On the photographic oevre of Walter Vorjohann
by Ute Thon

A military air mattress, lead-gray and more than man-sized, a valve at the head, six tubular air chambers, almost like the back of a down jacket, wear and tear on the ribbed surface, rubber seams faded into reddish-brown, the faint imprint MIL-M-10747K INFLATED PRODUCTS CO INC in the left upper corner. All of the above can be discerned accurately on the two-meter-high photograph by Walter Vorjohann. And one cannot help but wonder: Why? Why exactly this thing? Why this large? Why so matter-of-fact? Why with no comment?  


The Frankfurt-based photographer Walter Vorjohann uses his camera to dissect profane everyday objects by detaching them from their contexts and staging them in large formats with extreme depth of field against a white background as if they were anatomical preparations. Electric cables, nylon tights, excavator shovels. Both the frontal perspective and the neutral background lend these objects something sublime. They become sculptures whose physical presence is reflected in the highly detailed surface structure as well as in the clearly visible signs of wear and tear. Despite such clinical presentation, the objects continue to be impenetrable and mysterious – not in the least for lack of explanatory titles. Vorjohann’s objects stand for themselves. It is only through their purely physical charisma - the tangible aura inscribed in them through their usage and function – that these objects can be approached.  

As soon as one has captured these vibes, the artist provides further clues for interpretation. The air mattress photograph, for instance, is entitled “USA 1965”. From this title and the imprinted characters on the mattress, it can be inferred that we are dealing with a product from the US, the year referring to its time of use, the joyless grey color ultimately revealing its place of use. Not meant for splashing at the pool, this air mattress used to form part of the standard equipment of the US soldiers who fought in the Vietnam War. People slept, sweated, trembled and died on it – and turned the snappy slogan of Pneumatic Mattress & Cushion Company, America’s inventors of the air mattress, NOTHING SO RARE AS RESTING ON AIR, into its opposite. The air mattress, an epitome of lightness and fun, all of a sudden becomes the symbol of a murderous war, and the airy bed turns into a bier.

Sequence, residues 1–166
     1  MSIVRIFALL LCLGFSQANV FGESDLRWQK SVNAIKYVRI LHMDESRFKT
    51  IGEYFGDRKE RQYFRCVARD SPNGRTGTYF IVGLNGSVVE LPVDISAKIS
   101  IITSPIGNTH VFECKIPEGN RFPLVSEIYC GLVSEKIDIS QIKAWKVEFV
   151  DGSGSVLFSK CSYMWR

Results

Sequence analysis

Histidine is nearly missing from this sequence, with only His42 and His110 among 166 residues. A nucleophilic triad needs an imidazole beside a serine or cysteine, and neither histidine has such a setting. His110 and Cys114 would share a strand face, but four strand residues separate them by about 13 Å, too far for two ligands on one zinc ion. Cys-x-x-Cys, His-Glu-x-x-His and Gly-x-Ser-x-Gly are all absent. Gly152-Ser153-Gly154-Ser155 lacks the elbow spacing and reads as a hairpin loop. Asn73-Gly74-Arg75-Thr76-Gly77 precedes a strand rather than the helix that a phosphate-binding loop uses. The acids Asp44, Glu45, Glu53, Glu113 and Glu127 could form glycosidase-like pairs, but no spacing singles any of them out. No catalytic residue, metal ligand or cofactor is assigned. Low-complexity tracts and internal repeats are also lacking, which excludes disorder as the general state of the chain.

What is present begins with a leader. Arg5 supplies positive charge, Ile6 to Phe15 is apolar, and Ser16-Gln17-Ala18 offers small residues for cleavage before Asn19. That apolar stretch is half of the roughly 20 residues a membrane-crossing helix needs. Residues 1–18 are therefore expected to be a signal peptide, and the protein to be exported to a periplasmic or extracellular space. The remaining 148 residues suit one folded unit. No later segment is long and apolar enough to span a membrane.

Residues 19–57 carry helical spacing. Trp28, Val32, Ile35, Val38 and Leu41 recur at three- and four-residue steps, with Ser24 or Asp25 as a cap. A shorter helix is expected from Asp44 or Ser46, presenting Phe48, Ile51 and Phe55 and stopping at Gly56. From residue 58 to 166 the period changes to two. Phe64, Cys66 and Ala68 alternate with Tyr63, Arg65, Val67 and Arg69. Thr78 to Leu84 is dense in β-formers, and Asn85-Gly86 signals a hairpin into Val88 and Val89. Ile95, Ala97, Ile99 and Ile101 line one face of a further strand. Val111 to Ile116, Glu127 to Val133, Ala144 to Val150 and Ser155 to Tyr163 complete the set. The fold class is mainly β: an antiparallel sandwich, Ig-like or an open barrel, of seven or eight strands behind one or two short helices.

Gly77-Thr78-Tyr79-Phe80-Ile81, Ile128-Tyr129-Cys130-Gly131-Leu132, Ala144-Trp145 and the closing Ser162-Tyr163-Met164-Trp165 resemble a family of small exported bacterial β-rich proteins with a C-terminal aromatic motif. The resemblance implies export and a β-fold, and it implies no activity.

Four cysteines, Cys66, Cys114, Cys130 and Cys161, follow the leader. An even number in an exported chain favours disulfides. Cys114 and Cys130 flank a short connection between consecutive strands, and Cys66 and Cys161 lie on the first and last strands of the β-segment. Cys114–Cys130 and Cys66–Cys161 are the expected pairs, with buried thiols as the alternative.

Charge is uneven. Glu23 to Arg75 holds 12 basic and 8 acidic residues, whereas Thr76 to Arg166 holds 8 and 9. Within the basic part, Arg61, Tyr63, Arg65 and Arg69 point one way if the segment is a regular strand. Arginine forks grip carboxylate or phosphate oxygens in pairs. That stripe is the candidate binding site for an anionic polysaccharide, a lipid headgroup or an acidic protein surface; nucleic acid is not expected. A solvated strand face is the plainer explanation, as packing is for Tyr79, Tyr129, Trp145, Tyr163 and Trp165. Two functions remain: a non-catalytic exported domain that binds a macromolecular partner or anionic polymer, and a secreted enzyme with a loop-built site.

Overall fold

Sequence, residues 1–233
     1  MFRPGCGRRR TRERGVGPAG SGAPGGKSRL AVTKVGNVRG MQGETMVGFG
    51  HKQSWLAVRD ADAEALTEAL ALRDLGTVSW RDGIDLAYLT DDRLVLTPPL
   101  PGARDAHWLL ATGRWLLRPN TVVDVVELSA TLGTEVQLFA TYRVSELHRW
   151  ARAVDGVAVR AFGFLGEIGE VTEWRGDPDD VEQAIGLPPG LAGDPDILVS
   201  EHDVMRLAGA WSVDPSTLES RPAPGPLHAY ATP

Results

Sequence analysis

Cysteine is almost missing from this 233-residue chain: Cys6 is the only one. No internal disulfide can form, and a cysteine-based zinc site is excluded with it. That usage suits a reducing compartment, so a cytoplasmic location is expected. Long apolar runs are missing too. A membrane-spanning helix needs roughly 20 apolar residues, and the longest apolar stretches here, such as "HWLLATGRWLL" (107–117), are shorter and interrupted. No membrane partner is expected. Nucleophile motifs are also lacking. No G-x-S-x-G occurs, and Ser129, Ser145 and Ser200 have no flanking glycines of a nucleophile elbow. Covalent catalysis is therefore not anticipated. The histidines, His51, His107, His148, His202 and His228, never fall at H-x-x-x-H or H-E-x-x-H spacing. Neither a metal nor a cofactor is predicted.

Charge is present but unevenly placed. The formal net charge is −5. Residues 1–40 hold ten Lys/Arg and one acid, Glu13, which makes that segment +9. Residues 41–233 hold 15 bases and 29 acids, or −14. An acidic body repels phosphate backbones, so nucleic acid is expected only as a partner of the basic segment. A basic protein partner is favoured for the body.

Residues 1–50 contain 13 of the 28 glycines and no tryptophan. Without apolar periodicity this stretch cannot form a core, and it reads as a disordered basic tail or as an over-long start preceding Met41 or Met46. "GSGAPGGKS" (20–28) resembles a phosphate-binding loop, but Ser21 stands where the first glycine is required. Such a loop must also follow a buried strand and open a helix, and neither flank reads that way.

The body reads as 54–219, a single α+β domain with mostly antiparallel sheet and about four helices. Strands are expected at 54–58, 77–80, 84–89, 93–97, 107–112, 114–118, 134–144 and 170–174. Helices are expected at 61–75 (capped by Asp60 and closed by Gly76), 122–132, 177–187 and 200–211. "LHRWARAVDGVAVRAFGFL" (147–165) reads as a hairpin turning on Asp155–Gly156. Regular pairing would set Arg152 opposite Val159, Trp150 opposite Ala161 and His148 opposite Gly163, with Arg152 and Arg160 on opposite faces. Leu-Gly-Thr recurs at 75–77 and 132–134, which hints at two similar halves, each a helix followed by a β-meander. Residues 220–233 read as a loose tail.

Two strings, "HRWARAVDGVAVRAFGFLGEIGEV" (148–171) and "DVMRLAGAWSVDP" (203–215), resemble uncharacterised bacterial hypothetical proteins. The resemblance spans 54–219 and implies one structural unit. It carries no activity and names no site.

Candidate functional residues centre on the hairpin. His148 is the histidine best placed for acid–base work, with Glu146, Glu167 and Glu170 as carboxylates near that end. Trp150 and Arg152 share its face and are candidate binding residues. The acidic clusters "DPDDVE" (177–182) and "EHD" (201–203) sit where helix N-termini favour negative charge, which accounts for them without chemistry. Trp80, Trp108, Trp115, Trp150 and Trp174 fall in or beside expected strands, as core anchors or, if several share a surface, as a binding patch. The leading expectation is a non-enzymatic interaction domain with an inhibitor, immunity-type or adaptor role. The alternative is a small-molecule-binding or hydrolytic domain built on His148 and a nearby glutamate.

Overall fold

Walter Vorjohann is open for such interpretations, without imposing them on the beholder. Hence,  you may regard his pictures of bollards (»Poller«) as photographs of concrete barriers from highways or downtown pedestrian areas, as a typology of institutional shut-off devices, or simply admire their brutalist beauty. It is also possible, however, to read this series of photographs as a frosty commentary on the precarious state of our Western democracy and its attempt to protect itself from Islamist terror by erecting concrete barriers. It is a sign of these pictures’ quality that they bear such multiple layers of meaning without showing off. Vorjohann, who has also made himself a name as an architectural photographer, sees his pictures first and foremost as photographic sculptures – temporary arrangements designed to focus on the architectonic and sculptural qualities of the represented things. In this respect, Vorjohann’s approach reminds us of Karl Blossfeldt (1865-1932), who made strict matter-of-fact black-and-white photographs of plants in the 1920s in order to document their abstract-ornamental repertoire of forms. Although Blossfeldt did not consider his photographs as original artwork but rather as teaching material for future sculptors, his plant series are regarded as classics of the new matter-of-fact photography, and his book »Archetypes of Art« (1928) is an important theoretical work.

Likewise, Walter Vorjohann also makes archetypes visible in his photographs - not from nature, but rather from industrial production. Just as Blossfeldt, he isolates objects from their natural environments, thereby making the viewer aware of their formal particularities and structural variety. As well as of the hidden layers of meaning lying dormant even in the most banal among them. For instance in a lead-grey air mattress.

Ute Thon is an art critic and managing editor of the magazine ART
(translation Eva Schestag)